Douglas Craddock agreed with Starck and Harrison. A UA doctoral candidate in higher education administration, Craddock has worked in the program since its start three years ago. This year he assisted with academic enrichment and led the fitness team. He was especially pleased to see that a number of kids in last year’s program returned for another year.
“The work we’re doing is making a difference,” said Craddock, seated on gym bleachers and supervising campers running an obstacle course. “They are maturing and their cooperation has improved.”
As he spoke, kids in the 7–9 year-old group played volleyball and dodge ball and hula-hooped in sync in various parts of the gym. “We try to incorporate sports they’re not accustomed to,” Craddock said. “Exposure to small things can lead to exposure to bigger things in the future.”
Teaching the children the importance of exercise for cardiovascular health and good nutrition are key parts of the fitness segment, according to the instructors.
Campers played golf on Thursdays with the assistance of members from Tuscaloosa’s First Tee nonprofit. Lessons in putting, chipping, pitching and full swings were taught in the gymnasium using modified clubs and tennis balls in lieu of golf balls. Thursday morning before the program’s close, about 50 children played snag baseball (a form of baseball using golf clubs to develop proper swings) on the Barnes field behind the gym. PARA golf coach Andy Smelley and 11 instructors organized the game while Barnes youth counselors supervised players. “Golf is one of the many ways to broaden their horizons,” Smelley said.
Scholastic endeavors helped kids stay cool indoors. Two days before the program’s end, Mishon Flanigan coordinated a team of children to build bridges and towers with foam cups. Flanigan, a second-grade teacher at Crestmont Elementary School, and Julia Sanders, who teaches at Martin Luther King Jr. Elementary School, introduced the children to math and science activities that also strengthened their skills in collaboration and planning.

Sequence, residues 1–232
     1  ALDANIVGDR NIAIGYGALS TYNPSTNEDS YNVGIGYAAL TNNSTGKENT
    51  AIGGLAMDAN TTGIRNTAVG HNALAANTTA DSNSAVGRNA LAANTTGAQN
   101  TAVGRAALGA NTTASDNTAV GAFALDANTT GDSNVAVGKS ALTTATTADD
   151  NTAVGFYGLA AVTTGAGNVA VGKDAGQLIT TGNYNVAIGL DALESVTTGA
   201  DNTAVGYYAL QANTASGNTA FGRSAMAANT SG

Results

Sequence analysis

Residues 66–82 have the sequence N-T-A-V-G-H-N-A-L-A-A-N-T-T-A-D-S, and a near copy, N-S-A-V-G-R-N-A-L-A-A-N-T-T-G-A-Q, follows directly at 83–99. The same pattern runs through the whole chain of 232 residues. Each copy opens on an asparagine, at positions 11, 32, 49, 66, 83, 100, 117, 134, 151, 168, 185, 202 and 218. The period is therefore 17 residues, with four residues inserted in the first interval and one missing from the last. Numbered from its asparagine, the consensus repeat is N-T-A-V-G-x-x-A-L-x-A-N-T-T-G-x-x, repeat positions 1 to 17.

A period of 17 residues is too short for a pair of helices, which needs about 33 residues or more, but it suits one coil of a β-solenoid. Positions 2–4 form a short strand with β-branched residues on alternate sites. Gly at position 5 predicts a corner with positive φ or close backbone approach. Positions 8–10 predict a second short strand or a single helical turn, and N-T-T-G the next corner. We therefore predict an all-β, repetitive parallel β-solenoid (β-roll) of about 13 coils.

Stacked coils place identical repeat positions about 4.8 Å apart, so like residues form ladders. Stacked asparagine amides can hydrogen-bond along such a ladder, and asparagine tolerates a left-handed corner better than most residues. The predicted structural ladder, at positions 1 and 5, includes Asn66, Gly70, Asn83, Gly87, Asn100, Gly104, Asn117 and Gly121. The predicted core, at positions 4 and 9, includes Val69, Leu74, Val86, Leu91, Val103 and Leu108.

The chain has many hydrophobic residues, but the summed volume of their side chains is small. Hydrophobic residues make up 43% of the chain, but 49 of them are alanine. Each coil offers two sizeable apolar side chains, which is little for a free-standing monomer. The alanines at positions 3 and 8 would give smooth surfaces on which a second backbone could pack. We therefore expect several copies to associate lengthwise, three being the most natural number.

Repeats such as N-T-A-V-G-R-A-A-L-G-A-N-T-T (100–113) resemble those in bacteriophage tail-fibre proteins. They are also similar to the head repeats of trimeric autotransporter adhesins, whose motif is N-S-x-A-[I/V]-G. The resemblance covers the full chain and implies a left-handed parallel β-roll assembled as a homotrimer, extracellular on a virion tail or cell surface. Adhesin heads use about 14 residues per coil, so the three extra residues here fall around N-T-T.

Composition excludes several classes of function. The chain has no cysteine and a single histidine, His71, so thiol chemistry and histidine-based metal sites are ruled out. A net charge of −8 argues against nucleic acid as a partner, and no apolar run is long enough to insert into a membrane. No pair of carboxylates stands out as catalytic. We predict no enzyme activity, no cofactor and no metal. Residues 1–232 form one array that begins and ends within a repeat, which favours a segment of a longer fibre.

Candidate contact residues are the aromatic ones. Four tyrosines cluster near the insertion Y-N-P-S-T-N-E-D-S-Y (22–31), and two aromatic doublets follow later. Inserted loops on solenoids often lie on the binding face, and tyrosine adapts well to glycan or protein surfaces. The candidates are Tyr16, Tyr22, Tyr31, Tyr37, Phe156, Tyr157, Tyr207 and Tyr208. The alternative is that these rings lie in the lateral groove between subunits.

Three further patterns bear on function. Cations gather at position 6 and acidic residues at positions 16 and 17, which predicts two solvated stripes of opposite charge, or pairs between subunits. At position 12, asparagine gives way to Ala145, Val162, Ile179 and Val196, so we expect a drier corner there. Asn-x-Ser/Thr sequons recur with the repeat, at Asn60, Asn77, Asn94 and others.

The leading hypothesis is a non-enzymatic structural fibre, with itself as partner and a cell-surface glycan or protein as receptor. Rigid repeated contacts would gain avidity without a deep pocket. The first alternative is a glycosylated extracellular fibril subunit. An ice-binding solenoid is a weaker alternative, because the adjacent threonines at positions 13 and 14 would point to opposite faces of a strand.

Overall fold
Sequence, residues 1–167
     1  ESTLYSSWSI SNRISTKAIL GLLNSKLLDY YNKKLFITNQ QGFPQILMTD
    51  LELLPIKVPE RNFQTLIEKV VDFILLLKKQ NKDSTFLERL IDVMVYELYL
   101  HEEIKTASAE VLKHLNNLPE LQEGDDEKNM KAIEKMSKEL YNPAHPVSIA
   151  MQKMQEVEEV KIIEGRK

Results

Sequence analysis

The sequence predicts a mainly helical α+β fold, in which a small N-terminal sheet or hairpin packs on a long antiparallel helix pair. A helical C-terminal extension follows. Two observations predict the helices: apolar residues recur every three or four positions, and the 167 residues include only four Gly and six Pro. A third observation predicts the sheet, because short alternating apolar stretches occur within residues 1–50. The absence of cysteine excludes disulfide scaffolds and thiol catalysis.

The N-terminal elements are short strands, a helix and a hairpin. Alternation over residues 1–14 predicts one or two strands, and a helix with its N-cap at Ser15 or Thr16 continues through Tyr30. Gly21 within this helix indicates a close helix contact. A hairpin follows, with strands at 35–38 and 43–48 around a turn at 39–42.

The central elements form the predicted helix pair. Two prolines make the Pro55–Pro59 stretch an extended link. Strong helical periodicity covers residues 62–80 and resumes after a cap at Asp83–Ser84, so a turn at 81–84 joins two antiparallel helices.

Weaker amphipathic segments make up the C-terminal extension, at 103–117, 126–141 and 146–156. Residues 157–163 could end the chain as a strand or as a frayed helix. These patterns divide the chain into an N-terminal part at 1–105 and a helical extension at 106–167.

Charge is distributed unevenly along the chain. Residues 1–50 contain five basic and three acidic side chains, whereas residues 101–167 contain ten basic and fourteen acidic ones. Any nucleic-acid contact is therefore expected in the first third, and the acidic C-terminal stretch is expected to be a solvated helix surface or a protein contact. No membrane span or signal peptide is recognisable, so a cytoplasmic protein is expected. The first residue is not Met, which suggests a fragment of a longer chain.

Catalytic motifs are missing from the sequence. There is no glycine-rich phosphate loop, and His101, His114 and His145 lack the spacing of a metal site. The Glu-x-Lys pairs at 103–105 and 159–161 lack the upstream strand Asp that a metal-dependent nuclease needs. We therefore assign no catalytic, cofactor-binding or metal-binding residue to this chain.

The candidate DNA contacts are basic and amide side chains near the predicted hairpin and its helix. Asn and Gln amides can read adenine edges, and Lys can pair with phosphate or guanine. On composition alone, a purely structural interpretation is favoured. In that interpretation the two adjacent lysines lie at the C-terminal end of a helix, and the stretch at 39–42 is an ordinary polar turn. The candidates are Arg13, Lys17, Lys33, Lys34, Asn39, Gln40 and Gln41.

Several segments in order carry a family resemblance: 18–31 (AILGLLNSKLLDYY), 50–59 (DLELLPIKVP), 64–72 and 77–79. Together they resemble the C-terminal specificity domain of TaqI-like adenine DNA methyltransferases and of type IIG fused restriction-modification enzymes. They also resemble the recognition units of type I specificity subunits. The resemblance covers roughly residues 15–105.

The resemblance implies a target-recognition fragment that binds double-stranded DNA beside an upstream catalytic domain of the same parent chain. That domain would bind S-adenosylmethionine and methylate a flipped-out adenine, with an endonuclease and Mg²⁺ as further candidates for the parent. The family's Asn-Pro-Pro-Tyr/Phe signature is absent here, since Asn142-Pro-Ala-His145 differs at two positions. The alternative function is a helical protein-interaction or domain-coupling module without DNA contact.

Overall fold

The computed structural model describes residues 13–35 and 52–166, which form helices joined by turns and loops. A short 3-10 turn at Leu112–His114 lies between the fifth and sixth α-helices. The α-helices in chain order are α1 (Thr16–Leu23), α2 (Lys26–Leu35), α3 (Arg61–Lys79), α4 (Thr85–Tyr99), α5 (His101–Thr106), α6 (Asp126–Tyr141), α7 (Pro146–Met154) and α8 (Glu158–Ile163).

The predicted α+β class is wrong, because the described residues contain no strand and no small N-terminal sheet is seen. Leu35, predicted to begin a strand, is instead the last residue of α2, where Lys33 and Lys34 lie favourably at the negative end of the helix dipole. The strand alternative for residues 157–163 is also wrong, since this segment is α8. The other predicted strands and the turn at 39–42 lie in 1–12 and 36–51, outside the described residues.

As some children stood on chairs to place, delicately, the pinnacle cup on top, other team members held their breath in anticipation. The Children’s Resource Center was filled with delighted shrieks or disappointed moans as foam towers stood or came crashing down.
“These kids came in every day eager to learn,” Flanigan said. “Their eagerness was inspiring, and that gives us a way to bring academics to the table. Hands-on projects work.”
Former UA kinesiology graduate student Zachary Wahl-Alexander started Swim to the Top. The program has specific implications for African-American children. Swimming pool drowning rates among blacks aged 5–19 years are 5.5 times higher than those among whites in the same age group, according to the Center for Disease Control and Prevention. Nearly 70 percent of African-American children are unable to swim, according to a 2012 survey by the USA Swimming Foundation.
Benjamin Barnes Executive Director LaKeda Smith thanked the more than 35 instructors, volunteers and partners who helped in the four-week outreach. “I’m glad to know you are comfortable swimming now,” Smith told the youth. “We are so thankful for the program’s growth and look forward to it continuing next year.”
Before a din of excited voices rose as volunteers doled out beach balls and T-shirts at the June 30 closing program, Smith ended her remarks with “Have a blessed day,” which seemed to be every day for kids in Swim to the Top.
Lucinda Coulter serves on the Benjamin Barnes YMCA Branch Advisory Council as recording secretary and on the YMCA of Tuscaloosa County Board of Directors. She is a former UA and Stillman College journalism faculty member.